Myself, Prof Michael Murray and Dr Carol Holland ran a seminar series which ended earlier this year on the psychologies of ageing. A write up was in the April issue of The Psychologist and we are now working on a Special Issue of Working with Older People based on it.
We deliberately, and unapologetically, used psychologies plural to actively signal the wide range of social, critical, cognitive, biological and community psychology perspectives adopted when researchers and practitioners focus on the topic of ageing. Seminar one was about Ageing in Context: Identities and diversities. There were nearly 100 delegates, included student nurses, health care assistants, occupational therapists, service users, and care home workers and providers as well as academics.
Ageing in Context explored social research that recognises diversity in ageing across genders, sexualities, illnesses, contexts and lifespan trajectories. We asked what does a recognition of different identities mean for ageing well? And how does psychology, health and social care best engage with identities and diversity within an ageing population? One of the speakers was Christine Bryden, who was diagnosed with younger onset dementia in 1995. She movingly discussed questions of identity from her personal perspective of having received a “toxic dementia prescription” at diagnosis that communicated hopelessness and helplessness. Christine’s ‘inspirational’ talk offered a framework for people with dementia to find meaning, highlighting the key components of identity, connectedness, security, autonomy, meaning, growth and joy.
This seminar foregrounded chronic and long-term conditions such as dementia, which disproportionately affect older people. It moved beyond traditional psychological research that has emphasised the ageing individual, and explored the relational and social contexts of dementia care and end of life decision-making. There was lively small group discussion about how individuals’ different identities can best be supported as they age, and how can psychology, and health and social care best engage with diversity issues.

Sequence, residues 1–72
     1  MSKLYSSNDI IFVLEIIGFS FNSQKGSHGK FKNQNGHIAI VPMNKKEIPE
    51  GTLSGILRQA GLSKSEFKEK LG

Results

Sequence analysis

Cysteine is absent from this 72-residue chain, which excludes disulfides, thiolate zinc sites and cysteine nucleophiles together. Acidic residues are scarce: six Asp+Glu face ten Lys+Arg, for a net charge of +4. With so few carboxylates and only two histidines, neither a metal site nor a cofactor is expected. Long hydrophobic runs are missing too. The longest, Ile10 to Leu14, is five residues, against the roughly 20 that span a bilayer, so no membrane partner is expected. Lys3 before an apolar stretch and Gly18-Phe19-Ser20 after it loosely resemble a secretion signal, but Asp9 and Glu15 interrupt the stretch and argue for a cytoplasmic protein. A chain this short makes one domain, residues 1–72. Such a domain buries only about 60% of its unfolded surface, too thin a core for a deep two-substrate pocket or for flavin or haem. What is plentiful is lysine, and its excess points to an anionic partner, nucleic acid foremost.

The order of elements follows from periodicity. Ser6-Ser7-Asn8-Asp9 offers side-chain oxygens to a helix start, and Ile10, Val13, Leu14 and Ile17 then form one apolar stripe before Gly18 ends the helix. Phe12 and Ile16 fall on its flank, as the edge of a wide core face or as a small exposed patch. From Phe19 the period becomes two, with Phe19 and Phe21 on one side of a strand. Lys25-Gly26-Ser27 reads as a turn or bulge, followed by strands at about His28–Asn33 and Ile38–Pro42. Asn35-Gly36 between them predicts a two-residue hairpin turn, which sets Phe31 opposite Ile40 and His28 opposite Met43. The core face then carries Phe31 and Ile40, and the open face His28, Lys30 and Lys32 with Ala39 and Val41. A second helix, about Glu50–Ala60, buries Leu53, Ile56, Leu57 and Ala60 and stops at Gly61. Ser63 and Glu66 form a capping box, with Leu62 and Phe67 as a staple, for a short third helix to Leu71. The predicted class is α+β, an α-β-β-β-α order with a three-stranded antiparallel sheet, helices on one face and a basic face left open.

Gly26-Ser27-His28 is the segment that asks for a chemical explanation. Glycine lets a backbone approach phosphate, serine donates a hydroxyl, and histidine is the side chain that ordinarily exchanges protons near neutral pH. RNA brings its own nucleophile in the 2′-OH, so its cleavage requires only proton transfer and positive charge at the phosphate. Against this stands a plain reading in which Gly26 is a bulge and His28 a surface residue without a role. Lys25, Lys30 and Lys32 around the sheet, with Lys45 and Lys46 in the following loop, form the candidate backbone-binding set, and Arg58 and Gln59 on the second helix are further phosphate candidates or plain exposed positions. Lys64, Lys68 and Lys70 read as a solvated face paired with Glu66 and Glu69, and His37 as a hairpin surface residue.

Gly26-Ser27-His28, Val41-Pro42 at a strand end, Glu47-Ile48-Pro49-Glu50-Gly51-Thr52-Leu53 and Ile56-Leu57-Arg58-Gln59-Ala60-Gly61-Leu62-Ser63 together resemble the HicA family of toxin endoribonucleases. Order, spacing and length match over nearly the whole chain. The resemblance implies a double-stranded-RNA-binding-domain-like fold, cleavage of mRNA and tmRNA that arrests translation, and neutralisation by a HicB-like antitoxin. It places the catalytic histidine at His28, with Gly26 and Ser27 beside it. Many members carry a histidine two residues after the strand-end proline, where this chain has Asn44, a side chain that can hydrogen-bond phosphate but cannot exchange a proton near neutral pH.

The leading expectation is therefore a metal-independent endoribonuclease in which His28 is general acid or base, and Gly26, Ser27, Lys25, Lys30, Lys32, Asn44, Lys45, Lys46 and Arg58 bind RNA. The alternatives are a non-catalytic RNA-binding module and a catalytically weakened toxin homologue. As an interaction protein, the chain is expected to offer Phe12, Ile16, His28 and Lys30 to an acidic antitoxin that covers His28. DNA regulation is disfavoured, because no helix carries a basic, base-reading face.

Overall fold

The second seminar looked at Positive Ageing: Lifestyles and living well and stressed preventative strategies with a focus on the prevention of cognitive decline and frailty. Sixty people from a range of backgrounds including supported living provision, care homes, local government, and health care practitioners came alone. We explored how active or “healthy” environments interact with personal variables such as coping styles, cognitive health, mobility and co-morbidities. A key thread throughout the day was the malleability of frailty and the potentials for reversibility. One of the speakers, Prof Eef Hogervorst, reviewed the evidence-base that suggests that diet can help prevent dementia symptoms such as memory loss, and discussed the healthy lifestyle related issues that can reduce dementia incidence. She also led a ‘cooking for cognition’ practical workshop which demonstrated how combining some of the ingredients that have been associated with a reduced dementia risk (e.g., turmeric, olive oil and tempe) can be used in tasty meals.
The final seminar, spotlighted Ageing in Place: Independence and communities and ways of enhancing community participation among older people. The 40 delegates came from other universities including Copenhagen, Staffordshire, Lincoln, as well as local authorities, housing agencies, community and older people’s organisations and advocacy groups such as the Campaign to End Loneliness. Many older people have lived in their neighbourhoods for a large part of their lives, yet social exclusion from social and civic activities can negatively impact people as they age.
The seminar series was rounded-off with a talk from Paul McGarry, Manchester City Council, about the policy, practical, and fiscal challenges in building an age-friendly city. He discussed key issues connected to social inclusion and exclusion, strategies for engaging people in times of austerity and budgetary cuts, and the advantage of applying an ‘ageing lens’ to services and city infrastructure.
Look out for the forthcoming Special Issue of Working with Older People !
Elizabeth Peel @profpeel